Report that condemned Kiambu real estate sector
SEE ALSO :Explainer: How a governor is impeachedThe report cited investors’ wanton disregard for the rule of law, as they recruited quack surveyors, engineers, contractors and architects, as well as disregarded all good practices of the industry. “You find an investor who has been authorised to build a three (storey) building going all the way to the sixth,” the report said. Structural weaknesses The government then ordered all buildings under construction to be halted until an inspectorate team drawn from the ministries of local authorities and public works lifted the ban. Tenants were flushed out from buildings seen to have irreversible structural weaknesses.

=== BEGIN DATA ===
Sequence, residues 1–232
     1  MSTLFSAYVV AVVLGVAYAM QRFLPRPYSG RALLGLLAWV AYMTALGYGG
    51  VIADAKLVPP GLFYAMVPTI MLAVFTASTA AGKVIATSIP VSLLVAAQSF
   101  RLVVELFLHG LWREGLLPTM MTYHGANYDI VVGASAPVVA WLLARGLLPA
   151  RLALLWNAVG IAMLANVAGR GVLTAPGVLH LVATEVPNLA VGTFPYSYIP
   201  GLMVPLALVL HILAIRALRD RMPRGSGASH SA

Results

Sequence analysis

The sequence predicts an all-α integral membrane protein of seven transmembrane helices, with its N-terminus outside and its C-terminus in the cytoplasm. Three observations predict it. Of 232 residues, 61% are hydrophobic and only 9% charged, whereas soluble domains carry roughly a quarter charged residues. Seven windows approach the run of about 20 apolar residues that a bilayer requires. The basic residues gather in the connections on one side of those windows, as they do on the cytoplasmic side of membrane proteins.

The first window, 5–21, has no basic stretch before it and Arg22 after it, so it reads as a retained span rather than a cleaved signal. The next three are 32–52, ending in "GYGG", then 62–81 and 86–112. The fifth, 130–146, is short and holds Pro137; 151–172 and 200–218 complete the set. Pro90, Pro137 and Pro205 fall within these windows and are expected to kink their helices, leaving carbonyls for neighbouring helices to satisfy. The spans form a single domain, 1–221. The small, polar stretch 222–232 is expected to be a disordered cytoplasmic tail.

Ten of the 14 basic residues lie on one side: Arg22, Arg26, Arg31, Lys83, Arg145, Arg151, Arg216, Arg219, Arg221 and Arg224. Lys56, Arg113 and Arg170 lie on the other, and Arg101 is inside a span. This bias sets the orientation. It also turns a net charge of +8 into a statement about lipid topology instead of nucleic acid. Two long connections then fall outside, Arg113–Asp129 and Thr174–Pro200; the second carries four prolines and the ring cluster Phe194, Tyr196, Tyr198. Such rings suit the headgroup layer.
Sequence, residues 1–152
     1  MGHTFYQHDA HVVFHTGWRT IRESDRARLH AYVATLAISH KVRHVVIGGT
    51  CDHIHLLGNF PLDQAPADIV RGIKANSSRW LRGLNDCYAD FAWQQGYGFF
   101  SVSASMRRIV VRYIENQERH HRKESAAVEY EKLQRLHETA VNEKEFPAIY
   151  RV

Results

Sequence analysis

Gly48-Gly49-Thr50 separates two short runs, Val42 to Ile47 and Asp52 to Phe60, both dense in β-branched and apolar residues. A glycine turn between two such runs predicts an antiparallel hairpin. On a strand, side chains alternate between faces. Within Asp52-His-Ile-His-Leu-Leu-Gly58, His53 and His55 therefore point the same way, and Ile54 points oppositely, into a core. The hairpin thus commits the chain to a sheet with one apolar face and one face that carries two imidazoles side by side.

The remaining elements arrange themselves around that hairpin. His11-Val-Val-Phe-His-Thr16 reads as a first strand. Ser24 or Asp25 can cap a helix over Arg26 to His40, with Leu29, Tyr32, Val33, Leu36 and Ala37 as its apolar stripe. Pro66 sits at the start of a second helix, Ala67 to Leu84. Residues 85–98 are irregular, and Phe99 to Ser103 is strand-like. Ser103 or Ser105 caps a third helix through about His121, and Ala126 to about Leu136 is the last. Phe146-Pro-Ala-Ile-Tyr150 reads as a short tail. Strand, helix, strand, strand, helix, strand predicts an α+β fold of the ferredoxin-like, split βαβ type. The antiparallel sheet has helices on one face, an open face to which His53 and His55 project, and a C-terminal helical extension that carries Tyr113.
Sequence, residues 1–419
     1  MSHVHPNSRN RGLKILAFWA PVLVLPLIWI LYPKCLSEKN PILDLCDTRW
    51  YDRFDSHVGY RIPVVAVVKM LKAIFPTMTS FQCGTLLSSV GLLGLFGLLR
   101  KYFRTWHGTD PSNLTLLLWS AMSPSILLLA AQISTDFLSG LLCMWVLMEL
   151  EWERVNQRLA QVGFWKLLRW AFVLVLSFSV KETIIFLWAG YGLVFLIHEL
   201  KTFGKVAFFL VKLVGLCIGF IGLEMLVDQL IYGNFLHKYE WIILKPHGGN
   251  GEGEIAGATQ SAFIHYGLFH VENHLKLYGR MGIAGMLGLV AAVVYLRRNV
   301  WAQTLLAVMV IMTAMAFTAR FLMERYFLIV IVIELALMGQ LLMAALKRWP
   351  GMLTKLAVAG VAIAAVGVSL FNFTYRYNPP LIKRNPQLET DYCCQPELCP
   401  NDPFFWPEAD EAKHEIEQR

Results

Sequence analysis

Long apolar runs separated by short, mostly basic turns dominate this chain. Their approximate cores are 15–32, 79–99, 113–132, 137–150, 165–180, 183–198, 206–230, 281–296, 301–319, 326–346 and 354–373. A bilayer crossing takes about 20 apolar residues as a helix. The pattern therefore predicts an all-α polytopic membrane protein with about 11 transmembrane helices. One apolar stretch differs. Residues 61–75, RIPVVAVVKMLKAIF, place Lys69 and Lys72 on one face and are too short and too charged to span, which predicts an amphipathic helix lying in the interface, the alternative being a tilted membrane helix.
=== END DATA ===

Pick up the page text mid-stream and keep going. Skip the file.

SEE ALSO :Baba Yao fights backIt is not known how and when the government lifted the construction ban because as the game of musical chairs continued in government offices, developers kept on building. But the property sector remained unperturbed by the report, the government or the general public’s fears. It continued to record abnormal appreciations in both land and building prices. Rent also went through the roof. An eighth of an acre in major towns of the county by 2010 had hit the million-shilling mark. Today, some parts of Kiambu command as much as Sh90 million an acre. In the outskirts of the county, which has been dubbed the capital city’s bedroom, a quarter of an acre costs an average of Sh1.2 million. According to a pricing index by HassConsult Real Estate, Ruaka has the most expensive land in the county with an acre going for Sh90.9 million, followed by Kiambu town at Sh43 million, Ruiru at Sh25.6 million and Limuru at Sh23 million. The lower-priced regions include Thika at Sh19 million, with Juja and Tigoni joint at Sh14 million. The Lands, Housing and Physical Planning county executive, James Maina, now says his government is addressing the challenges facing the real estate sector in Kiambu. “We have moved to minimise risks in the building sector to a bare minimum,” he said. He told Home&Away that the process of building approvals is being done electronically, with those for single dwellings being approved within seven days upon due diligence and technical evaluations. Development applications “Other development applications are evaluated and approved within 30 days in line with the Physical and Land Use Planning Act, as well as compliance to building regulations. This is being consistently followed,” Mr Maina said. “All developments (architectural) are further subjected to civil and structural approvals and a geo-technical analysis of the soils is a mandatory requirement.” He added that all approvals must be submitted and designed by qualified and registered professionals and “we we have a surveillance team of engineers who check the construction sites and confirm if the conditions of approval are being followed diligently”. However, Maina admitted that there are developers who construct without approvals and or without employing qualified personnel, but said “those are the ones we are cracking down hard on despite their diversionary noise that we are harassing them”. [email protected]
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